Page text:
On June 20, 2012, the OCC issued an interim final rule (the “Rule”) that amends its existing regulations on legal lending limit in response to Section 610 of the Dodd Frank Act. Section 610 amended the federal lending limits statute, (12 USC § 84) to include credit exposures arising from derivative transactions and repurchase agreements, reverse repurchase agreements, securities lending transactions, and securities borrowing transactions. The Rule also takes into account differences that existed between national banks and saving associations and preserves some of the statutory exceptions that savings associations previously enjoyed. The Rule provides three different methods for calculating credit exposure, one of which will be applicable to larger banks and two that will be more attractive to regional and community banks.
The Rule is relevant to state chartered banks as well since Section 611 of Dodd Frank provides that state banks may only engage in derivative transactions if the law of the sate takes into account credit exposure to derivatives. During the past legislative session many state legislatures passed laws addressing this issue. For example, Georgia amended its legal lending limit statute, GA Code Ann § 7-1-285 to include credit exposure under a derivative when calculating its legal lending limit to any one borrower. The Georgia statute also allows a bank to determine the actual credit exposure pursuant to a methodology acceptable to the Department of Banking and Finance and the bank’s primary federal regulator. One would expect the various state regulators to look very carefully at the three options presented by the OCC when determining the method they will approve for their respective state. The Rule lends itself very well to state regulatory application in that it is devised in a manner that will allow banks to adopt a compliance regimen that fits their size and risk management requirements, subject to an overall requirement that whichever method they choose is always subject to safety and soundness requirements.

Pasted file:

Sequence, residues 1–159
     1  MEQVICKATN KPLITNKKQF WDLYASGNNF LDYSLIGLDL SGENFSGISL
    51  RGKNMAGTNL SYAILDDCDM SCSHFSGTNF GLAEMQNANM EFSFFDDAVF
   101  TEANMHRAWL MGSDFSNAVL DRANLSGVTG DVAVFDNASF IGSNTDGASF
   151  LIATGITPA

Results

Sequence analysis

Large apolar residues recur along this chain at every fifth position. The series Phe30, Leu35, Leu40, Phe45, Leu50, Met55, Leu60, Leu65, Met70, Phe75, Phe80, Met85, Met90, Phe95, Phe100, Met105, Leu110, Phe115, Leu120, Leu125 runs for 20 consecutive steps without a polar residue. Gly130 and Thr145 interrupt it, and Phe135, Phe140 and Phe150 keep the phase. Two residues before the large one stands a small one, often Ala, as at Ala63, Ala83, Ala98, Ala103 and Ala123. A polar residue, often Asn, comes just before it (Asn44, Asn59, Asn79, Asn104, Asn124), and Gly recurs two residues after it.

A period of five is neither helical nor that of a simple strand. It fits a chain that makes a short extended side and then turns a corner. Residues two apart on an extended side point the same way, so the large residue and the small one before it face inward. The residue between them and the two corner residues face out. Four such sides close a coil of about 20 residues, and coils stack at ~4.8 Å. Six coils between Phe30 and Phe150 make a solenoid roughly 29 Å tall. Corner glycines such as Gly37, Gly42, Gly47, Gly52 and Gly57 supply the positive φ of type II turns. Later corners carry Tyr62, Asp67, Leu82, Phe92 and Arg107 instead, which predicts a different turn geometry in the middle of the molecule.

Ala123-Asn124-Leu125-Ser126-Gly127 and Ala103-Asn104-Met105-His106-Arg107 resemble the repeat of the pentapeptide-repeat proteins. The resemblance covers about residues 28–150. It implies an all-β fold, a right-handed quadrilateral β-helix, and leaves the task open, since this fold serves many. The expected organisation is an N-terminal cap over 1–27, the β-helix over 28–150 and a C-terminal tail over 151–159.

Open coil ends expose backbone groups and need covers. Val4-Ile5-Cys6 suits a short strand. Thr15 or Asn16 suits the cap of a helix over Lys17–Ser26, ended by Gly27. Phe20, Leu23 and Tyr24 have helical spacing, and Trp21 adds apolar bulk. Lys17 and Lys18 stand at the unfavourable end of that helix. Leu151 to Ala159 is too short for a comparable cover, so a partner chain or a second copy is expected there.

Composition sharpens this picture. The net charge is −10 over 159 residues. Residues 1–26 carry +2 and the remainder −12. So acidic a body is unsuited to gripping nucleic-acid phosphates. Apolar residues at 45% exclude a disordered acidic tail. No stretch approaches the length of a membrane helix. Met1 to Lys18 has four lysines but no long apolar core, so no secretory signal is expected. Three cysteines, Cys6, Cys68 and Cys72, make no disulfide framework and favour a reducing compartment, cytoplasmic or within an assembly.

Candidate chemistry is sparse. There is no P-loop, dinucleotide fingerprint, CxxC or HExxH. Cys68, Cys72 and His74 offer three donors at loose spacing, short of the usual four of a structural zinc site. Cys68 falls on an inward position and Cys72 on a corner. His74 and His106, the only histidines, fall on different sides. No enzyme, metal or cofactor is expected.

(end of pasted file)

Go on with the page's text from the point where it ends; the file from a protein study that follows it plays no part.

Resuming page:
Specifically, the Rule provides that banks can choose to measure the credit exposure of derivatives (except credit derivatives) in one of three ways:
- through an OCC-approved internal model,
- by use of a look-up table that fixes the attributable exposure at the execution of the transaction, or
- by use of a look-up table that incorporates the current mark to market and a fixed add-on for each year of the transaction’s remaining life.
For credit derivatives (transactions in which banks buy or sell credit protection against loss on a third-party reference entity), the Rule provides a special process for calculating credit exposure, based on exposure to the counterparty and reference entity. With respect to securities financing transactions, institutions can choose to use either an OCC-approved internal model or fix the attributable exposure based on the type of transaction (repurchase agreement, reverse repurchase agreement, securities lending transaction, or securities borrowing transaction).
The Rule also specifically exempts securities financing transactions relating to U.S. or state government obligations from the lending limits calculations.
Internal Model Method. The calculation of credit exposure on a non-credit derivative such as an interest rate swap is calculated as follows: Credit Exposure equals (Current Credit Exposure plus Potential Credit Exposure)
Under this method national banks and savings associations may model their exposures via an internal model approved by the OCC. The counterparty credit exposure of a derivative transaction will be measured by a model that estimates a credit exposure amount, inclusive of the current mark-to-market value. For example, if the mark-to-market value is positive, then the current credit exposure equals that mark-to-market value. If the mark to market value is zero or negative, than the current credit exposure is zero. The calculation of the future potential exposure is based upon the advanced approaches to capital rules adopted by the federal banking regulators for compliance with Basel II capital guidelines.
Conversion Factor Matrix Method. The second method provides for a simpler approach. Under this method, the credit exposure is calculated as follows: Credit Exposure equals (Notional Amount) x (Conversion Factor)